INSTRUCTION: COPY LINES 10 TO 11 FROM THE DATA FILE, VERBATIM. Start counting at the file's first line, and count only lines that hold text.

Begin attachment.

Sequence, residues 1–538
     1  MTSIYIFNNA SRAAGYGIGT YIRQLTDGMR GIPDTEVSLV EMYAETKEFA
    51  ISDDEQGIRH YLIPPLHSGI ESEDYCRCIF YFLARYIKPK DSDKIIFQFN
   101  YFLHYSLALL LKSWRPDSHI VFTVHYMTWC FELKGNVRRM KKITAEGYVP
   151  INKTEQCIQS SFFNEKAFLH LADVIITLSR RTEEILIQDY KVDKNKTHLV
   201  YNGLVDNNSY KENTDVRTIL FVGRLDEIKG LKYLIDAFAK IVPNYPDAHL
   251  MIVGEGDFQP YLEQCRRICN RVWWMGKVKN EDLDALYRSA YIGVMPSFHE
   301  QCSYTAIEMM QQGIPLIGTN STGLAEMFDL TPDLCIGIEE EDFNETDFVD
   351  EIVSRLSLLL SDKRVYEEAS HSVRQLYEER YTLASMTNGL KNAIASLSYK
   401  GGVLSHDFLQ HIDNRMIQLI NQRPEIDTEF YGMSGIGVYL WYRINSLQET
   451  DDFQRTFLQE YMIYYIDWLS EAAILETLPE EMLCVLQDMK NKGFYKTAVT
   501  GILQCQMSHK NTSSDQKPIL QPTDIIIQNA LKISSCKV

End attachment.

   401  GGVLSHDFLQ HIDNRMIQLI NQRPEIDTEF YGMSGIGVYL WYRINSLQET
   451  DDFQRTFLQE YMIYYIDWLS EAAILETLPE EMLCVLQDMK NKGFYKTAVT